“Careful planning and community cooperation are key to our moving forward,” says DPI President Chuck Warren. “To that end we have spent many hours meeting with anyone and everyone who has an interest in or who can provide expert advice on the best ways to reach our goal of preserving the natural habitat in Kayenta.”
Central to finding the way forward has been creating detailed plans for the safety of volunteers and insuring minimal impact on the environment and homeowner properties. Cuttings and trunks and branches will either be chipped on site or hauled away for chipping. A detailed ingress and egress plan will specify how and where volunteers will enter the property to protect existing plants.
Each site plan is created in consultation with and signed by the homeowner, spelling out procedures, the use of tools and herbicide, and future plans for plant restoration and site monitoring. A written site description details slopes and grades, soil type and moisture levels, possible erosion concerns, and the size and number of tamarisk and other invasives present as well as native plants on the site. DPI also commits to working with homeowners and the ACC on replanting plans.
Dave Tall is one Kayenta resident who has long been aware of the issues created by invasive species. “Over the years, articles about salt cedar/tamarisk as an invasive plant in Southwest have caught my attention. I raise the subject about the salt cedars often while talking with friends and neighbors.
“The piece in the Shonto Point Winter newsletter, ‘Tamarisk the Terrorist’ was very informative,” he says. “After reading the article and noticing several tamarisk on my property, I started pruning branches. The pruning is messy, laborious and disposal of the cuttings difficult,” Tall says. And so, he was happy to be approached by DPI, whose members will be “spearheading the removal of tamarisk from my property. I have learned so much from the DPI team; I am looking forward to volunteering to help with other neighborhood salt cedar projects.”
Kay Hodson is another Kayenta resident who is grateful for the assistance of DPI. “Shortly after moving to Kayenta from the east coast, I discovered that the trees that I thought were so beautiful were the dreaded invasive tamarisk trees,” she says. “After assessing the situation and doing some online research, I found out that there was no way that I could remove them from the wash by myself.”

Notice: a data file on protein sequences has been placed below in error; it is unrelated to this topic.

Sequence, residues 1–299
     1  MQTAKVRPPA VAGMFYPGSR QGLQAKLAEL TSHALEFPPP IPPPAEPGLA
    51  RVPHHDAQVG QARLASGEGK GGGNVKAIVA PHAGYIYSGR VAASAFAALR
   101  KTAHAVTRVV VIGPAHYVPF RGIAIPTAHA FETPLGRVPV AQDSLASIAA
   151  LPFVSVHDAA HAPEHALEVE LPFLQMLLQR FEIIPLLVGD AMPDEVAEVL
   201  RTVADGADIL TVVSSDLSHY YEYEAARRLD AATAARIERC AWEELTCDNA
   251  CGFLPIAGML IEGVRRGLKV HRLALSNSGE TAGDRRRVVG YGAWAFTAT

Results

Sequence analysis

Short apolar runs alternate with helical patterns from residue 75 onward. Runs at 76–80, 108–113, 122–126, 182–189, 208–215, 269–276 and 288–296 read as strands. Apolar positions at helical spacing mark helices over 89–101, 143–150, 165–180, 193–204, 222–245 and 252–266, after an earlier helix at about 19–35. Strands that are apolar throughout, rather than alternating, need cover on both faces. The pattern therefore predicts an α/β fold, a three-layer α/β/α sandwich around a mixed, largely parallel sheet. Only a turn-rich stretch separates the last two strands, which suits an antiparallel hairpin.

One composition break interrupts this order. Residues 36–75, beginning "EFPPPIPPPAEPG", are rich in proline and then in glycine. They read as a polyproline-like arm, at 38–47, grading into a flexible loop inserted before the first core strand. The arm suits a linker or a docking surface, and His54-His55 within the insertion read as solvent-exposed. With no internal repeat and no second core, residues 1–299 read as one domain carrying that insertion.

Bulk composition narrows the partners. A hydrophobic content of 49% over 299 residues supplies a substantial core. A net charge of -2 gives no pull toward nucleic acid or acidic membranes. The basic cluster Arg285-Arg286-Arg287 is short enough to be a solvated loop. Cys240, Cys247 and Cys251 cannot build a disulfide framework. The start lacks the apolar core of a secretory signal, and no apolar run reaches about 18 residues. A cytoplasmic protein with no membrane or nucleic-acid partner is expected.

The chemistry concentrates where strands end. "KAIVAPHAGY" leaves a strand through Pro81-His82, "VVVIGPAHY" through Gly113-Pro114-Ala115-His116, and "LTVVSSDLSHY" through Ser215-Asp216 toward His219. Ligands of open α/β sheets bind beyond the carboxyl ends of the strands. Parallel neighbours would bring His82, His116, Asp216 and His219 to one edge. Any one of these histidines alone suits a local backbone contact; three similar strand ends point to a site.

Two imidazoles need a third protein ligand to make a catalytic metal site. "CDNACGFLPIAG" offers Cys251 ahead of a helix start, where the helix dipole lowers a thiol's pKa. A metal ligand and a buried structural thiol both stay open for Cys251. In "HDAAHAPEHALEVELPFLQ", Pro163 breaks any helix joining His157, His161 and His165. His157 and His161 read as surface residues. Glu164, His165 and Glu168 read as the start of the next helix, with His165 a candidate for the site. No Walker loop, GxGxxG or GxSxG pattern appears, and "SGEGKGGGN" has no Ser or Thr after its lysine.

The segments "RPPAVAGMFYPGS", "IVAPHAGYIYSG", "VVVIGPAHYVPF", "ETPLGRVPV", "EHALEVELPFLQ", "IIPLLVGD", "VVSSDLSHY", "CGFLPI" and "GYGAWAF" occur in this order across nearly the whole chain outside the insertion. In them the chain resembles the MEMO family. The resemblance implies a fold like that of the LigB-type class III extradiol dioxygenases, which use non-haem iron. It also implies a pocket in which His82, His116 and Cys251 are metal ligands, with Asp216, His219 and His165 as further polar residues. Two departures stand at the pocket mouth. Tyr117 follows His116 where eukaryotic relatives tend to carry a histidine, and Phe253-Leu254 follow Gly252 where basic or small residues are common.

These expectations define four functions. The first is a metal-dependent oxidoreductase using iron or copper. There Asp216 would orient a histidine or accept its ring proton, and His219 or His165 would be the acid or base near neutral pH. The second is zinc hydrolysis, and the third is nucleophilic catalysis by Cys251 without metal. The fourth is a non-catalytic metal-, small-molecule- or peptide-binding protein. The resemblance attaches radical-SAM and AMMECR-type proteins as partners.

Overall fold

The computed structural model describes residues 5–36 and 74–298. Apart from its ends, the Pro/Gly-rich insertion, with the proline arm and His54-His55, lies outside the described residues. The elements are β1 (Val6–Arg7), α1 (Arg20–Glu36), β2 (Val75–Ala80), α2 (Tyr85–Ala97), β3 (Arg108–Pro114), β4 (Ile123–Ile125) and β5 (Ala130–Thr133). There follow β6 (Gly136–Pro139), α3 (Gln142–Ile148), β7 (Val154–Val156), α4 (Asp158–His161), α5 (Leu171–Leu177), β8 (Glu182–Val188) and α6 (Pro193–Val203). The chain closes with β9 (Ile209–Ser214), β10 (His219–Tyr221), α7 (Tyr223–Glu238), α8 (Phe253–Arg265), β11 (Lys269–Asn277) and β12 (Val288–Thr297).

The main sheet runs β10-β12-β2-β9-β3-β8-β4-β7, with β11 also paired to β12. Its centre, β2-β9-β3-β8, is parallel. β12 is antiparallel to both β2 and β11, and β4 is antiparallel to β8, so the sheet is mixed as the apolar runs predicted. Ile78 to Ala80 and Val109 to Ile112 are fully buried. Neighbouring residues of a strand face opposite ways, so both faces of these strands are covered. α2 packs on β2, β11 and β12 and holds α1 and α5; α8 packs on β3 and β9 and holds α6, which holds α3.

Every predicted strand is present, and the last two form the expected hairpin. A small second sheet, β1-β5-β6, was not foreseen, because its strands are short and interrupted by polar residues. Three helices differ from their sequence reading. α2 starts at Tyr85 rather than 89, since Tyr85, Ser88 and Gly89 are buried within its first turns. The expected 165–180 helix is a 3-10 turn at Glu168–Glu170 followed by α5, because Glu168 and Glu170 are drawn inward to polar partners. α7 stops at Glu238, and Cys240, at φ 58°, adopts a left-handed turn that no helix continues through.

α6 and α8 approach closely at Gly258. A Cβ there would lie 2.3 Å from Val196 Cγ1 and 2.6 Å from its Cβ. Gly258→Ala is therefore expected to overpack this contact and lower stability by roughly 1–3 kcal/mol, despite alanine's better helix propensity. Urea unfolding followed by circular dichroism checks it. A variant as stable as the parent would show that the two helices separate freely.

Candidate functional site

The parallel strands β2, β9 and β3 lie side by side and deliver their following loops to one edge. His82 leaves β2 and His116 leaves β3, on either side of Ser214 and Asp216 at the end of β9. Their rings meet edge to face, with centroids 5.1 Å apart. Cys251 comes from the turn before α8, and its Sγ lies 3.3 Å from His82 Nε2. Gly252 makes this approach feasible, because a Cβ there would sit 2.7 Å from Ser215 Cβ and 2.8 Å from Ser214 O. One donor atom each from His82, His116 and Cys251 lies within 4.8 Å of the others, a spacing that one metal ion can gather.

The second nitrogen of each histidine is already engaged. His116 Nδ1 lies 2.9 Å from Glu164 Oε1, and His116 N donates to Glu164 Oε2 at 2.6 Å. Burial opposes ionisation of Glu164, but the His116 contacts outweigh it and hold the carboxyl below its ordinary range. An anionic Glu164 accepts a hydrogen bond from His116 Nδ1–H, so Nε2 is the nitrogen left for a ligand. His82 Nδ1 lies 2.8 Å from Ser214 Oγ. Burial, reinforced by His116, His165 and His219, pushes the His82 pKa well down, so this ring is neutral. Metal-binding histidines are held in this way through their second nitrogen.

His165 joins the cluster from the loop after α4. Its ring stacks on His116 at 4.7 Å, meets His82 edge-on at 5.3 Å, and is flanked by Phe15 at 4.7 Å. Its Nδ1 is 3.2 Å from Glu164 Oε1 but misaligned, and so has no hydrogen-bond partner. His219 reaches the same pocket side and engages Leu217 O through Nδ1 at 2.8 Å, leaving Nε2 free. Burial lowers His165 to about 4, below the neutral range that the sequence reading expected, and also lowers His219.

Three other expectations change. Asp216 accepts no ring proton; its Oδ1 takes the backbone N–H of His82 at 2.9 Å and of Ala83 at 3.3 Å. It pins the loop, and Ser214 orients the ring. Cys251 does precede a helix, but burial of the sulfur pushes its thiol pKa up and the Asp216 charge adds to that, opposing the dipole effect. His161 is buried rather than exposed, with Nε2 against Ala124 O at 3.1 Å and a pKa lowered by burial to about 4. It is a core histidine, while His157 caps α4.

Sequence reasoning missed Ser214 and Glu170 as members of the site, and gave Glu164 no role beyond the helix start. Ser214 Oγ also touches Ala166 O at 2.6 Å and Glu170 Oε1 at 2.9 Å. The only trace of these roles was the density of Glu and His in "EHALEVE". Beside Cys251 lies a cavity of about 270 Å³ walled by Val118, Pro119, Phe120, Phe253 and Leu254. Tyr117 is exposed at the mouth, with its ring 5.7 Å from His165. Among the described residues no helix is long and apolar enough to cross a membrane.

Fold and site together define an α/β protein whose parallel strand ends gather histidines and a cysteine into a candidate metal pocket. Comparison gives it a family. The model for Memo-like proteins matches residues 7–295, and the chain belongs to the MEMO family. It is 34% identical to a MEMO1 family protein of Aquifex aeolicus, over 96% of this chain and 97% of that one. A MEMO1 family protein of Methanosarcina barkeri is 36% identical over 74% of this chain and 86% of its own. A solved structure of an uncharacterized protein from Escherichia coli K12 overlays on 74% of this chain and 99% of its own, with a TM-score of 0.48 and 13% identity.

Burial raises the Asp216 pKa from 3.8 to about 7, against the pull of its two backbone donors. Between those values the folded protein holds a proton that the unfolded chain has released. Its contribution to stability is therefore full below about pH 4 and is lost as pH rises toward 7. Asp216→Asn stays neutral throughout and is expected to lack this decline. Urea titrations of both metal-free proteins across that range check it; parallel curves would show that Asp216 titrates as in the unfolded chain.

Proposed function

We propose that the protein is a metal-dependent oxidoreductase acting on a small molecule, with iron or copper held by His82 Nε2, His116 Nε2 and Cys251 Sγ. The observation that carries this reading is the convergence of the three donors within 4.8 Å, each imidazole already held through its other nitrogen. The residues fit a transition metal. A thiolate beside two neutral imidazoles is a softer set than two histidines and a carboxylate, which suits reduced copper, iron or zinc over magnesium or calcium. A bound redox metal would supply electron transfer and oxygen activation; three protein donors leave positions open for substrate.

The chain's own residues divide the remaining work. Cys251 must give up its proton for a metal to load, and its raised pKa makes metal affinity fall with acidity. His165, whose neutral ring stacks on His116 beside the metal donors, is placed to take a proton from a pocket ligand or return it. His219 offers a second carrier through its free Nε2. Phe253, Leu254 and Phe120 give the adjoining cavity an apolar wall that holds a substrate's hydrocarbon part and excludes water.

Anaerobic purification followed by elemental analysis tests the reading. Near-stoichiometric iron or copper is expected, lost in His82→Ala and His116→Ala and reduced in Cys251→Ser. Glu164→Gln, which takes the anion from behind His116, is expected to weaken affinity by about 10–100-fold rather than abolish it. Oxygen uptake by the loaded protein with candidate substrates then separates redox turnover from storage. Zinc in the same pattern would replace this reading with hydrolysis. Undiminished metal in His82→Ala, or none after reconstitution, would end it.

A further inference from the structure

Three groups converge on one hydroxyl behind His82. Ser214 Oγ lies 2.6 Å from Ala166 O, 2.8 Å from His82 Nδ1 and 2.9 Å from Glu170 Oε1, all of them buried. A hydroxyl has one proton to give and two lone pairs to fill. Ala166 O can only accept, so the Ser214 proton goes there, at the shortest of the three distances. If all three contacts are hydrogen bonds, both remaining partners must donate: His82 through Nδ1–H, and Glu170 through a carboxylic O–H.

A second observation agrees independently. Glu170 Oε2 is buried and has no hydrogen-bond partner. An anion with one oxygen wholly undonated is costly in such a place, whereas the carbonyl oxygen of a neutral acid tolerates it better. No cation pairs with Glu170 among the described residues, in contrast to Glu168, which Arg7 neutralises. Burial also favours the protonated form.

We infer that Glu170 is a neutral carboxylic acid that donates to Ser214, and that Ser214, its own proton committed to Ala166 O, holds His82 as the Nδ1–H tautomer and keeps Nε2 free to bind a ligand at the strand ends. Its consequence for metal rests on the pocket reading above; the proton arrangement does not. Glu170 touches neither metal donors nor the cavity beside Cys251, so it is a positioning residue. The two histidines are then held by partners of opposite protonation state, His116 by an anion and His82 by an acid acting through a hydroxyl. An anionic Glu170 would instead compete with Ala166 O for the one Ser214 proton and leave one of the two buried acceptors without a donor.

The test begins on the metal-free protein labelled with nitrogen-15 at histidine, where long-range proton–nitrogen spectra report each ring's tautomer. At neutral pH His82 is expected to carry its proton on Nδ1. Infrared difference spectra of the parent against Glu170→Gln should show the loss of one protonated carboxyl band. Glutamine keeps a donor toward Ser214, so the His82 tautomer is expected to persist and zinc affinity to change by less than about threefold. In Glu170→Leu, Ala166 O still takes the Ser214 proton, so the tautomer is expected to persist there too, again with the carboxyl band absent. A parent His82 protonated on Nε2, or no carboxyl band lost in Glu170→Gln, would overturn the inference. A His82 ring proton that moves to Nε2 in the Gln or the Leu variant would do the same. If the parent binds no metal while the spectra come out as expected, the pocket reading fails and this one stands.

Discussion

“Working with DPI has been heaven sent,” Hodson continues. “They’ve formed a team of very knowledgeable people from various backgrounds and they’re enthusiastic. I can’t imagine what it took for them to create DPI, but I am extremely grateful and I’m looking forward to working with them to remove the tamarisk from the wash.
“I suggest that anyone that wants to see how destructive tamarisk are to take a short walk into the washes off Kwavasa and see for themselves.”
“Our goal is to create a measured, incremental process where everyone feels involved in the discussions and comfortable with the plans going forward,” says botanist Terrence Walters, DPI secretary. “Our goal is sustainability on every level, from the impact of our work to building collegial relationships with the community.”
Please visit the Initiative’s website for more information at IvinsNightSky.org or email them at info@IvinsNightSky.org.
The mission of the Ivins Night Sky Initiative is to improve, preserve, and protect the night sky over Ivins and our heritage of dark skies through education and information about environmentally responsible outdoor lighting, and to serve as a resource for City officials, residents, and businesses.
Let us know if this Initiative is important to you, if you are willing to get involved, and what else you think we should be doing to improve, preserve, and protect the night skies in Ivins.
We’d like to invite all Kayenta residents to join us in supporting Snow Canyon State Park. Our mission is to provide support to Snow Canyon State Park through various means. For more information and to join Friends please visit our web site.